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Republicans help defeat Arizona abortion pill ban

February 25, 2022 GMT
FILE - Rep. Michelle Udall, R-Mesa, is sworn in during the opening of the Arizona Legislature at the state Capitol Monday, Jan. 11, 2021, in Phoenix. Udall defected from a united GOP front on Thursday, Feb. 24, 2022, to defeat a measure that would have banned manufacturing or prescribing medication that would cause an abortion. The bill that unexpectedly failed would have eliminated the choice used by half of the people who have abortions in the state, leaving a surgical procedure as the only option. "Members, I am about as pro-life as they come," Udall of Mesa said as she joined all Democrats in voting against the measure. "However, in my research of some of these medications, they are used for other purposes as well. (AP Photo/Ross D. Franklin, Pool, File)
FILE - Rep. Michelle Udall, R-Mesa, is sworn in during the opening of the Arizona Legislature at the state Capitol Monday, Jan. 11, 2021, in Phoenix. Udall defected from a united GOP front on Thursday, Feb. 24, 2022, to defeat a measure that would have banned manufacturing or prescribing medication that would cause an abortion. The bill that unexpectedly failed would have eliminated the choice used by half of the people who have abortions in the state, leaving a surgical procedure as the only option. "Members, I am about as pro-life as they come," Udall of Mesa said as she joined all Democrats in voting against the measure. "However, in my research of some of these medications, they are used for other purposes as well. (AP Photo/Ross D. Franklin, Pool, File)
FILE - Rep. Michelle Udall, R-Mesa, is sworn in during the opening of the Arizona Legislature at the state Capitol Monday, Jan. 11, 2021, in Phoenix. Udall defected from a united GOP front on Thursday, Feb. 24, 2022, to defeat a measure that would have banned manufacturing or prescribing medication that would cause an abortion. The bill that unexpectedly failed would have eliminated the choice used by half of the people who have abortions in the state, leaving a surgical procedure as the only option. "Members, I am about as pro-life as they come," Udall of Mesa said as she joined all Democrats in voting against the measure. "However, in my research of some of these medications, they are used for other purposes as well. (AP Photo/Ross D. Franklin, Pool, File)
FILE - Rep. Michelle Udall, R-Mesa, is sworn in during the opening of the Arizona Legislature at the state Capitol Monday, Jan. 11, 2021, in Phoenix. Udall defected from a united GOP front on Thursday, Feb. 24, 2022, to defeat a measure that would have banned manufacturing or prescribing medication that would cause an abortion. The bill that unexpectedly failed would have eliminated the choice used by half of the people who have abortions in the state, leaving a surgical procedure as the only option. "Members, I am about as pro-life as they come," Udall of Mesa said as she joined all Democrats in voting against the measure. "However, in my research of some of these medications, they are used for other purposes as well. (AP Photo/Ross D. Franklin, Pool, File)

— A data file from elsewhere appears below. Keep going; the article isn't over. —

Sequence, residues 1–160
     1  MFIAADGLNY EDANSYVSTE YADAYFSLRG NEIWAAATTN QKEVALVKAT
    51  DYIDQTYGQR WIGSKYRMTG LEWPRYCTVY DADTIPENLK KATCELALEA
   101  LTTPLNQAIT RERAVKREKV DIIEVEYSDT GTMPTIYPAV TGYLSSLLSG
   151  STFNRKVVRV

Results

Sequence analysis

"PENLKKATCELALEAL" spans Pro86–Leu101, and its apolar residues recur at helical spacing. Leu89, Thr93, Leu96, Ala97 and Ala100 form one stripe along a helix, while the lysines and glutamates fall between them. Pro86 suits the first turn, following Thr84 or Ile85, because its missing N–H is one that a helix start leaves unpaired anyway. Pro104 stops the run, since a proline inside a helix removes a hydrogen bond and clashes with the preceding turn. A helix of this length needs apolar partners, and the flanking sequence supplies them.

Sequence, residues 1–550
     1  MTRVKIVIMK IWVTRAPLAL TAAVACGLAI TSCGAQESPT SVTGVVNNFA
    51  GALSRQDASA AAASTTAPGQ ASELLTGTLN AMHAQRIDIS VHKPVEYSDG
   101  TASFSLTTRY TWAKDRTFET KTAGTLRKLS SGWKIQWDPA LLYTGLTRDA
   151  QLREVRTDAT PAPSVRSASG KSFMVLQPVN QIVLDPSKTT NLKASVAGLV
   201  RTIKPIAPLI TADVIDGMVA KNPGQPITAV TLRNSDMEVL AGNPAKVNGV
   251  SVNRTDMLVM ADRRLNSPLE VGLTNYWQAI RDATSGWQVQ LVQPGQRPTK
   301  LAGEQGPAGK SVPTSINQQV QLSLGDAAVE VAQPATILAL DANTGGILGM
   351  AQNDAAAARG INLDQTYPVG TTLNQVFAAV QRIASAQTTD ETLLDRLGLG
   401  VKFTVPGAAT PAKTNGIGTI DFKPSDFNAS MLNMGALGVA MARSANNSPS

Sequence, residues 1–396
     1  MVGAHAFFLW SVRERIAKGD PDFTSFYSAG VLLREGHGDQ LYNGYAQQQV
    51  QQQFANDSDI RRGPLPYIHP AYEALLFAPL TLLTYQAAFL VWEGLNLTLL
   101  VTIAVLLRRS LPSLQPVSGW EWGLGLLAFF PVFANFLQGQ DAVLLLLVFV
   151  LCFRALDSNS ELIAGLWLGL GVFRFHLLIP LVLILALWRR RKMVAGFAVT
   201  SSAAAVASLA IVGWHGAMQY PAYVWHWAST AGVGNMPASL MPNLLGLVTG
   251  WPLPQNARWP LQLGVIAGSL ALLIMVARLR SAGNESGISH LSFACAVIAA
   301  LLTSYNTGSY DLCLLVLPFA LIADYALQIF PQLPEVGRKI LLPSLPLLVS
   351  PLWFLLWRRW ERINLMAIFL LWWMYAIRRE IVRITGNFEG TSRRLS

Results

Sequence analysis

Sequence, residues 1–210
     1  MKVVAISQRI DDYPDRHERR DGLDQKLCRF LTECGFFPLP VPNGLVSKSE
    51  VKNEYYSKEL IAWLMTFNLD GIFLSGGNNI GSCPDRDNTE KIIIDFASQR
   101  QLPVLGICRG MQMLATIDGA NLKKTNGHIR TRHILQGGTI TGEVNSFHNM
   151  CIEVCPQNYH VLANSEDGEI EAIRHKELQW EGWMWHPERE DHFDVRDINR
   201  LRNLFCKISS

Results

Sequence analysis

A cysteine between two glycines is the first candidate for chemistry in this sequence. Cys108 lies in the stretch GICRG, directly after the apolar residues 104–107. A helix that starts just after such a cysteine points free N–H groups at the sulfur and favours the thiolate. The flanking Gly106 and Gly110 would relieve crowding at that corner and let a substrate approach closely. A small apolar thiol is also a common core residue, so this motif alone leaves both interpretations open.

FILE - Rep. Michelle Udall, R-Mesa, is sworn in during the opening of the Arizona Legislature at the state Capitol Monday, Jan. 11, 2021, in Phoenix. Udall defected from a united GOP front on Thursday, Feb. 24, 2022, to defeat a measure that would have banned manufacturing or prescribing medication that would cause an abortion. The bill that unexpectedly failed would have eliminated the choice used by half of the people who have abortions in the state, leaving a surgical procedure as the only option. "Members, I am about as pro-life as they come," Udall of Mesa said as she joined all Democrats in voting against the measure. "However, in my research of some of these medications, they are used for other purposes as well. (AP Photo/Ross D. Franklin, Pool, File)

PHOENIX (AP) — Three Republicans in the Arizona House defected from a united GOP front on Thursday to defeat a measure that would have banned manufacturing or prescribing medication that would cause an abortion.

The bill that unexpectedly failed would have eliminated the choice used by half of the people who have abortions in the state, leaving a surgical procedure as the only option.

“Members, I am about as pro-life as they come,” Rep. Michelle Udall of Mesa said as she joined all Democrats in voting against the measure. “However, in my research of some of these medications, they are used for other purposes as well.”